The future of Medicaid looms in the balance, leaving lawmakers struggling to focus on how they can improve telemedicine access. Telemedicine could help reduce the costs of healthcare by allowing all of the providers in one location the ability to treat those elsewhere in the country.
Since the state Medicaid plan is now able to cover telemedicine to a certain extent, it is paving the way for healthcare. It used to be that only 24 states offered this type of coverage in 2005, but now, all states are participating in the program.
There are also other trends that are on the rise, such as added dental services and even more options for patients needing care. In short, the situation looks rather promising when you look at everything being done right now. Providers and employers alike are able to use telemedicine to get patients the treatment needed.
Insurance companies, Medicaid agencies and the state lawmakers are all looking at telemedicine as one of the more affordable solutions out there to help reduce the gap in coverage and deliver quality healthcare to patients.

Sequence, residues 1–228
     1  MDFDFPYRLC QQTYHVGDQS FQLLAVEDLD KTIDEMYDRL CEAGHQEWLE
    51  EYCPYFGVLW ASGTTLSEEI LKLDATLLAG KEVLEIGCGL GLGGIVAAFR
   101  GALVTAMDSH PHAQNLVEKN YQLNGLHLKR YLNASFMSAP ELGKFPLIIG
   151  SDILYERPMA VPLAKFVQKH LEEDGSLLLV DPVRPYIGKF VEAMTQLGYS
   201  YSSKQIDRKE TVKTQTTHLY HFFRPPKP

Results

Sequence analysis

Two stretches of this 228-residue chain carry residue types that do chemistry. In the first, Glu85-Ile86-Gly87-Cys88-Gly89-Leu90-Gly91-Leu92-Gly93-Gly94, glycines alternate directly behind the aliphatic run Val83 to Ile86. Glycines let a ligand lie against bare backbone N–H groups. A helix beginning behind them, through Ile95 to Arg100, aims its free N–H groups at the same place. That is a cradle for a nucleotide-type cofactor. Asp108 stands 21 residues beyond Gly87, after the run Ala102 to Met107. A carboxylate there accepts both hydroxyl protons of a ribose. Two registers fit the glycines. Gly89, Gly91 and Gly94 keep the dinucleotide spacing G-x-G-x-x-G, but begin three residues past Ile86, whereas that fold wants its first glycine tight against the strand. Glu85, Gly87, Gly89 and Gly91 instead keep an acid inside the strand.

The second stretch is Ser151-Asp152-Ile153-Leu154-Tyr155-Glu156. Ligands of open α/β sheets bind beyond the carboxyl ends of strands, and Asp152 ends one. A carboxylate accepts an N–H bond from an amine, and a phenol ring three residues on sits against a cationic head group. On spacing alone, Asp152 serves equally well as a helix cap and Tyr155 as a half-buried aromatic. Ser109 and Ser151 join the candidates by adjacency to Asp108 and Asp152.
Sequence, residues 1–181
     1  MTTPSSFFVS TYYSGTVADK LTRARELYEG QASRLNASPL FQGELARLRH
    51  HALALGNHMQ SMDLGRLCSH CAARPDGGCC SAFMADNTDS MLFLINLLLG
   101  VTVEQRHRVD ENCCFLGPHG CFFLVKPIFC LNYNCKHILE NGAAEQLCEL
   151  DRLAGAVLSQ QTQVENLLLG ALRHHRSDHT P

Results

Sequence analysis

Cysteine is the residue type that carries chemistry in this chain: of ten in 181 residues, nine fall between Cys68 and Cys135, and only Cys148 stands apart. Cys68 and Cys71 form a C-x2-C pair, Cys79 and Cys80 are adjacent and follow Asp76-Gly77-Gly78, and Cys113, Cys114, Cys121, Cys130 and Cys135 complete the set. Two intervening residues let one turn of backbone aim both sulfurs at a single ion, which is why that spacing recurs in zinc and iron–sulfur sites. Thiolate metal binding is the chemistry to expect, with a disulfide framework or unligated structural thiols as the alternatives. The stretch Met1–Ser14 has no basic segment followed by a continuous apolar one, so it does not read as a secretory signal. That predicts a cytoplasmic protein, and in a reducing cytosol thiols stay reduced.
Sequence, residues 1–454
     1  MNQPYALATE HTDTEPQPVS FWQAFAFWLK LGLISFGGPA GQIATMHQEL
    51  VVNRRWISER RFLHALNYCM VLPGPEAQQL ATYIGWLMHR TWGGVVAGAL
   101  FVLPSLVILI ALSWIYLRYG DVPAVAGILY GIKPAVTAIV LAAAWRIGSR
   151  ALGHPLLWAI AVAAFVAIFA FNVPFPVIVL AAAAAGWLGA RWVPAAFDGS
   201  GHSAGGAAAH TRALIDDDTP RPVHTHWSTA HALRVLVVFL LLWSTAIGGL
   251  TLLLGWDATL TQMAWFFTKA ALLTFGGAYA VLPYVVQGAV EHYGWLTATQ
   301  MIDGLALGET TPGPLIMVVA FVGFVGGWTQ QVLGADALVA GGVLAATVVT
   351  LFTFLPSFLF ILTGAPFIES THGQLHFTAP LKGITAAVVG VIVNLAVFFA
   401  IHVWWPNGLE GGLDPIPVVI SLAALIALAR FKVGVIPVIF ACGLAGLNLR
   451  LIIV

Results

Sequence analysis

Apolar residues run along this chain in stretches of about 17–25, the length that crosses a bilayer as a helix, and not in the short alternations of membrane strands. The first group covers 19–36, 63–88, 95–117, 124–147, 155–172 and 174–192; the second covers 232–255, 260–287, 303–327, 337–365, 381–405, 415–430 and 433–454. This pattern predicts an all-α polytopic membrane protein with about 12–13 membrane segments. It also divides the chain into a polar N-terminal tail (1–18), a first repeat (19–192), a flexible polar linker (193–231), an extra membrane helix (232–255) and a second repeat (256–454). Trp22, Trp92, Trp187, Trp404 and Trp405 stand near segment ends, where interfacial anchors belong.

Still, there are challenges that need to be addressed. That’s where the government needs to step in and help. Each state has their own specific set of regulations and standards that cause problems with being able to use telemedicine. Remote healthcare services in various states have shown to be not only cost-effective but effective in being able to deliver the level of services needed. These services aren’t often available to Medicaid beneficiaries, so this is taking things to a new level.
Even though practices and health systems are starting to offer better and more efficient services for patients, there is still a lot of confusion in the state variations. It is preventing consumer access and causing more problems. Because of these conflicts out there, it is causing problems for patients, health systems and providers and preventing them from being able to take advantage of telemedicine.